DEMONSTRATION TO WORK TOWARD ASSURING ACCURATE MEDICARE PAYMENTS
TESTS ABILITY OF RECOVERY AUDIT CONTRACTORS TO TRACK OVER AND UNDER PAYMENTS
The Centers for Medicare & Medicaid Services (CMS) today announced new initiatives to provide clear guidance on Medicare billing and a new demonstration project using recovery audit contractors (RACs) as part of CMS’ further efforts to assure accurate payments.
The demonstration will use the RACs to search for improper Medicare payments that may have been made to healthcare providers and that were not detected through existing program integrity efforts. The present recovery audit contracts focus on Part A Medicare claims and exclude evaluation and management services. Currently, the Medicare contractors, which include carriers, fiscal intermediaries, and Durable Medical Equipment Regional Carriers, examine a defined percentage of claims during their medical review.
“There are two parts to making certain that Medicare dollars go to their intended purposes,” said CMS Administrator Mark McClellan, M.D., Ph.D. “First, we need clear and straightforward rules to assure that fair payments are made for services to Medicare beneficiaries and second we need effective mechanisms in place to detect and respond to inappropriate billing. In conjunction with new steps to ensure Medicare’s billing rules are clear, this demonstration will let us test a new approach to ensure that payments made to providers are accurate.”
CMS has ongoing efforts to ensure providers have the information they need to avoid over and under payments. There are now more education and training resources such as a customized provider Website (cms.hhs.gov/providers), new Medicare Learning Network educational products and training guides, web-based training (cms.hhs.gov/medlearn), regular “Medlearn Matters” articles explaining new program policy billing procedures (cms.hhs.gov/medlearn/medlearnmatters), and enhanced Frequently Asked Questions on the CMS website.
Section 306 of the Medicare Modernization Act directed CMS to investigate Medicare claims payment using RACs to identify underpayments and overpayments and to collect the overpayments so that they may be returned to the Medicare Trust Fund.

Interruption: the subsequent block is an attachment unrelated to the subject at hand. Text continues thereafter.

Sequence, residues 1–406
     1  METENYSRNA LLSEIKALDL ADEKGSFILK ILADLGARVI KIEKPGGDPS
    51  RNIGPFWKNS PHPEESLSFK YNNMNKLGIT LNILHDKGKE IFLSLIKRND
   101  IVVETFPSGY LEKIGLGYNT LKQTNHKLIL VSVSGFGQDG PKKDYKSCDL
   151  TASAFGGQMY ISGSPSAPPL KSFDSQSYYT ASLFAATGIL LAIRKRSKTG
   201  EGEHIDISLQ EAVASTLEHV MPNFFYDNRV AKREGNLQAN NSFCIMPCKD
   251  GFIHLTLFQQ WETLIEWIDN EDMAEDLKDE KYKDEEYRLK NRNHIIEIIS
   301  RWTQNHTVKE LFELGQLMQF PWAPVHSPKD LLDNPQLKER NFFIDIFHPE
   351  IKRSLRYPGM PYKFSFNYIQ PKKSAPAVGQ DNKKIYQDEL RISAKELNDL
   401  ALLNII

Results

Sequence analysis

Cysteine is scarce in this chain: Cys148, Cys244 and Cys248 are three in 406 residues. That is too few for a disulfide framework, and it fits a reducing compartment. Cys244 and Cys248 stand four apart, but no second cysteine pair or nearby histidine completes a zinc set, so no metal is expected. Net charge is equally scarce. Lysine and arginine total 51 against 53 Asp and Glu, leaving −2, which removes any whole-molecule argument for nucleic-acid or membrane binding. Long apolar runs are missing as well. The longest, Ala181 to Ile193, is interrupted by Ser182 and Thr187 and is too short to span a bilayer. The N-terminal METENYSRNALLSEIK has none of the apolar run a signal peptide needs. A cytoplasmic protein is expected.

California , Florida , and New York are the states that have been chosen for this three-year demonstration. The RACs selected to participate in the demonstration, Diversified Collection Services, Inc., Public Consulting Group Inc., HealthData Insights, Connolly Consulting, PRG-Shultz International, Inc., have experience performing recovery audit work with Medicaid state agencies, private insurers, healthcare providers or health plans. To avoid any conflict of interest, current Medicare contractors were not eligible to bid on these contracts.
Since current Medicare contractors will continue to review claims in the current fiscal year, each RAC will begin work on claims that are at least one year old. Using an audit plan developed especially for Medicare, the RACs will analyze claims that have a tendency to be incorrect despite clear guidance from Medicare. This includes occurrences where Medicare is not the primary payer, there are complicated payment calculations as well as complex procedure codes and services that are “bundled” as required by statute.
The RACs will request claim history and medical records, if necessary, to determine if over or underpayments exist. If an overpayment is detected, the contractor will pursue payment and will be reimbursed a percentage of those recoveries. For underpayments, the RAC will provide the necessary documentation to the Medicare contractors for processing payment to the provider.
For example Medicare pays a set amount for a hospital inpatient admission for treatment of breast cancer. However, Medicare pays a greater amount when certain complications arise during the admission. There is some evidence that some hospitals may not be following Medicare’s guidance on billing for such complications. Upon the RAC’s review of Medicare payments for inpatient treatment of breast cancer, it discovers the majority of a hospital’s breast cancer treatments are billed at the higher amount. The RAC must then examine the claims and any supporting documentation. Hospitals with appropriate supporting documentation will not face any action. If upon conclusion of its review the RAC determines the hospital billed incorrectly, the RAC will notify the hospital on Medicare’s behalf and request repayment of any amounts owed to the Medicare program.
California and Florida will also have an audit contractor to determine if a patient’s primary insurer and Medicare have both been billed for a single claim or if Medicare paid when a patient’s primary insurer should have paid. In both situations, the RAC will verify the billing errors, including any potential underpayments and begin recovery of any overpayments.
Medicare continues to ensure payment accuracy by analyzing claims and reviewing case files. In addition, CMS has undertaken key initiatives such as contractor reform, supplementary carrier quality controls and improved data capabilities, provider education and training tools to assure accurate payments. This initiative expands CMS’ ongoing efforts to strengthen its commitment to provide coverage to America ’s seniors, persons with certain disabilities, and those with End-Stage Renal Disease.
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CMS will be holding an open door forum in the near future to discuss the Recovery Audit Contractor (RAC) demonstration. For more information about the Open Door Initiative, please go to www.cms.hhs.gov/opendoor .